War of the Rebellion: Serial 100 Page 0204 OPERATIONS IN N. C., S. C., S. GA., AND E. FLA. Chapter LIX.

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[Inclosure Numbers 1.]


Hilton Head, S. C., April 13, 1865.

Colonel S. L. WOODFORD,

Chief of Staff, Department of the South:

COLONEL: In accorance with your communication of this date I have the honor to submit the followinf report relative to the fort now building in the Roman Catholic cemetery near Savannah, Ga.: Shortly after Savannah was taken General Foster sent me to that city to assist in the constructions of a new line of fortifications for the defense of the place. This work was being done by Colonels Poe and Roese and other engineer officers belonging to General Sherman's army. General Foster gave me special instructions to select a site for one or more works to protect the river from hostile batteries in case the city was ever invested. After a careful examination of the ground I selected a small hill commanding the country in every direction, situated at the point where the rebel line of fortifications crosses the Thunderbolt road. On the summit and side slope of this hill lies the cemetery in question. The enemy's works ran along the edge of the cemetery inclosure, and about half way rounf it. This work was called by the enemy Fort Brown. Having completed my examinations, I took the first opportunity of communicating the result of them to General Foster. The interview took place on board the general's headquarters boat, at Savannah, the morning of General Grover's arrival there. General Grover was present at the interview. I stated to General Foster that, in my opinion, the most effectual way of protecting our river communications would be to inclose the rebel Fort Brown for a garrison of 400 men. No decision was made then as I had first to go to Hilton Head for some engineer troops to relieve those belonging to General Sherman's army. About a week after this general Foster returned to Savannah and visited the spot selected by me. The next morning I arrived myself at Savannah, but General Foster had already started back to Hilton e he left the department. On reporting my arrival to General Grover he informed me that General Foster had directed him to have the inclosing of Fort Brown commenced at once. I laid out the lines of the work the next day, although no work was done on it for nearly a week, for want of tools. The details then worked for about two days. General Grover then ordered that a day should be given to allow parties interested to remove bodies. As they had been aware of our intentions for a week previous this was deemed time enough. The next I left for Hilton Head, and General Gillmore, arriving in Savannah, ordered the work to be suspended until he could examine the ground himself. He subsequently visited the site and since then the work has been vigorously pushed, and the fort is now nearly completed. In conclusion I would state that I have never received any orders in writing on the subject.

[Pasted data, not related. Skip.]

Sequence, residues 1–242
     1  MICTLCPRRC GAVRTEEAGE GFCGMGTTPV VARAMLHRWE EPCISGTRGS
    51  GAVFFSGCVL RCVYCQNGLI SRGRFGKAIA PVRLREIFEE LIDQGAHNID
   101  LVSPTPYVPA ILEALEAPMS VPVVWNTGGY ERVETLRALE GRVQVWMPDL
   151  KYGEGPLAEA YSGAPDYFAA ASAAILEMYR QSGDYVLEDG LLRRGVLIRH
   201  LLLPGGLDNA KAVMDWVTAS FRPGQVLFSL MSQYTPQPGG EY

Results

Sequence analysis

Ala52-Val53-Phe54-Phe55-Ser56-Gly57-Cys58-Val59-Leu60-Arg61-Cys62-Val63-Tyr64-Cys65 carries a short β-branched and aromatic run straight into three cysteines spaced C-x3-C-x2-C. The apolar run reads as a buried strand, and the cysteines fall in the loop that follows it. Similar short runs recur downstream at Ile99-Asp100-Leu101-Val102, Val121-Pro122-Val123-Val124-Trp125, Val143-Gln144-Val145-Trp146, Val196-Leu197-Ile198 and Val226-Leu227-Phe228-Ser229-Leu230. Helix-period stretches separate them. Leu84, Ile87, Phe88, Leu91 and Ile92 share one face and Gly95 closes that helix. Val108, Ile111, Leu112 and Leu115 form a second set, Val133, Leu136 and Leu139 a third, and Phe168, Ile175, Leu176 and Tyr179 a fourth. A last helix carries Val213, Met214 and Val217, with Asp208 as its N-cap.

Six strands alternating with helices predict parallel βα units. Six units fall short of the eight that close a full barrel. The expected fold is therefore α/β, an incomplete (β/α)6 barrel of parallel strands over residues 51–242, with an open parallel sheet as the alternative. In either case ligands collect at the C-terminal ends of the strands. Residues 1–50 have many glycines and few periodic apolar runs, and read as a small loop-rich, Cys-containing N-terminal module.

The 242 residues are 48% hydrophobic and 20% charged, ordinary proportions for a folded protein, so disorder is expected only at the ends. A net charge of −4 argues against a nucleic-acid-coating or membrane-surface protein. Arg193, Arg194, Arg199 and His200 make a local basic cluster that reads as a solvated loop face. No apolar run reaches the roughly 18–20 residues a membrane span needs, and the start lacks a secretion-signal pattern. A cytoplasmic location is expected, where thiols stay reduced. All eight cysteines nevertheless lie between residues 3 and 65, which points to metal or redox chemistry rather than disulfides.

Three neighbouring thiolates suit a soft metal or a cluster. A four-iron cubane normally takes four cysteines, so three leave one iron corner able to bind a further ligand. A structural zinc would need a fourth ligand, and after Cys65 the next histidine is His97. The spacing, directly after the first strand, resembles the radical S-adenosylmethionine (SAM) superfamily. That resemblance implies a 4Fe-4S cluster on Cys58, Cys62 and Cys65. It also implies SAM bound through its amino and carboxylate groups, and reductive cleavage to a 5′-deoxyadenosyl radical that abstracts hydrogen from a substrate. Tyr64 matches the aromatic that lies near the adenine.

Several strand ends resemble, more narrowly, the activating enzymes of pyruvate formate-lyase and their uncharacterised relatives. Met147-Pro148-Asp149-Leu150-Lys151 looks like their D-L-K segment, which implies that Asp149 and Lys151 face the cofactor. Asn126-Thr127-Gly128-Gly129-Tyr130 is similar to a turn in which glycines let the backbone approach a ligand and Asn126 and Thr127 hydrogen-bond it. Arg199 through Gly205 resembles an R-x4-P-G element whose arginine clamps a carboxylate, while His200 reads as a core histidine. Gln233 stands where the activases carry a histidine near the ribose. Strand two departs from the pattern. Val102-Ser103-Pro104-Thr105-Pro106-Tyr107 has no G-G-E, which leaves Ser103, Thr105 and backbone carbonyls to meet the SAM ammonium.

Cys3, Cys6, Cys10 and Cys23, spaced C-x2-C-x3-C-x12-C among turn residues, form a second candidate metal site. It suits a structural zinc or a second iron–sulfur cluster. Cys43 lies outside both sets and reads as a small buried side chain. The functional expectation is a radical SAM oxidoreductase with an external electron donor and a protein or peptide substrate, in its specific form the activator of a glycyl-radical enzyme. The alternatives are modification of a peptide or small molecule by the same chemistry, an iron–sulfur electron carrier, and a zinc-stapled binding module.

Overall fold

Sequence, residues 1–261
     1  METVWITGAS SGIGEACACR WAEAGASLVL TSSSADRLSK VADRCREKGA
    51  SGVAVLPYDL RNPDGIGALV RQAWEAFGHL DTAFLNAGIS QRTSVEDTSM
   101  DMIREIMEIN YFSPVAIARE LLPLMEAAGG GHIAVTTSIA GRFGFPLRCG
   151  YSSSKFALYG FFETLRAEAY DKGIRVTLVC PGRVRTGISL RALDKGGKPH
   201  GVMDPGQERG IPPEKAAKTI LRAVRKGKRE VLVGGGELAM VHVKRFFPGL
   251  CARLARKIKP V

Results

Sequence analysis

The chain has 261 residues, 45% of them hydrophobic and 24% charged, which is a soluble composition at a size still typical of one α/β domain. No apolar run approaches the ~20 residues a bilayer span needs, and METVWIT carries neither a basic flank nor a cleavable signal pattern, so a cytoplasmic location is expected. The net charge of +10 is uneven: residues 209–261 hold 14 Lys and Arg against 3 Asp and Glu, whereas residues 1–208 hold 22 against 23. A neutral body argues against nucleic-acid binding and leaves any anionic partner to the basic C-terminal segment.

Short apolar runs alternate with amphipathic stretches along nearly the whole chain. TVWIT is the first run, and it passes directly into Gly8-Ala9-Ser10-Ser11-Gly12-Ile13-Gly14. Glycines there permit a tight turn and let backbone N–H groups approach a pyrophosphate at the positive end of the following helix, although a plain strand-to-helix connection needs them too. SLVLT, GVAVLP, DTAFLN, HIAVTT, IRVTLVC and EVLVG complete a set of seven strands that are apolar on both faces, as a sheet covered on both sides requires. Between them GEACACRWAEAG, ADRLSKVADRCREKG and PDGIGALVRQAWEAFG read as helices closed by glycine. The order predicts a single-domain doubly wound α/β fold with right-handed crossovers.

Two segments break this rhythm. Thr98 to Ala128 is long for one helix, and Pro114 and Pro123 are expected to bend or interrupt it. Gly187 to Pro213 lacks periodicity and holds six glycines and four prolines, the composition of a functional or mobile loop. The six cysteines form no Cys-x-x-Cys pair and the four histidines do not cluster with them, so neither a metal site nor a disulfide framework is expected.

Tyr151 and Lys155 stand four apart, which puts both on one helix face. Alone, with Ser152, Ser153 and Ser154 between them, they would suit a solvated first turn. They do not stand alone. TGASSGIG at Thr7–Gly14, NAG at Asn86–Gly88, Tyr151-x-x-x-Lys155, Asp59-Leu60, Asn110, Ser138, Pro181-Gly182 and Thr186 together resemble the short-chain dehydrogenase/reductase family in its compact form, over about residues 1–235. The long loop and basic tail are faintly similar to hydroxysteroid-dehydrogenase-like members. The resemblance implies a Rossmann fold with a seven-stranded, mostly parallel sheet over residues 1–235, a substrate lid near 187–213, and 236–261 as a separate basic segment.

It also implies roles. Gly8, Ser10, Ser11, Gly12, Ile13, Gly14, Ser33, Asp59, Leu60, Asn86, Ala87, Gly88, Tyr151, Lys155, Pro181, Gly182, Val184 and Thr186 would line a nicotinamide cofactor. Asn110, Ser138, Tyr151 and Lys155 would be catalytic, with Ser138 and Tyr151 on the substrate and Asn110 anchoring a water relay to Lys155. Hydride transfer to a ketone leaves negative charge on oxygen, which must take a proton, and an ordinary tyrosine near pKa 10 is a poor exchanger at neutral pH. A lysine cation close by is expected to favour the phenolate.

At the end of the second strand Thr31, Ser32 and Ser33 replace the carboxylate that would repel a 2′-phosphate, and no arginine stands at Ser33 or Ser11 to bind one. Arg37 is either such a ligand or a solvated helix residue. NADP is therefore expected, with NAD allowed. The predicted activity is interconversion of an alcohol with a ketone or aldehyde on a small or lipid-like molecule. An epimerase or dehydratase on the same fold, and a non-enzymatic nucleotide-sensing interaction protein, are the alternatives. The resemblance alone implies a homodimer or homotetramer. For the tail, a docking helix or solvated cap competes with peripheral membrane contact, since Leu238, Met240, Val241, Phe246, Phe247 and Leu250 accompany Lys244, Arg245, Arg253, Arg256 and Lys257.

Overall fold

Very respectfully,


Captain, U. S. Engineers, Chief Engineer, Department of the South.

[Inclosure Numbers 2.]

SAVANNAH, April 5, 1865.

Major-General GILLMORE, Hilton Head:

GENERAL: I received yesterday, through Colonel Woodford, an invitation to state what I think ought to be done to repair the injury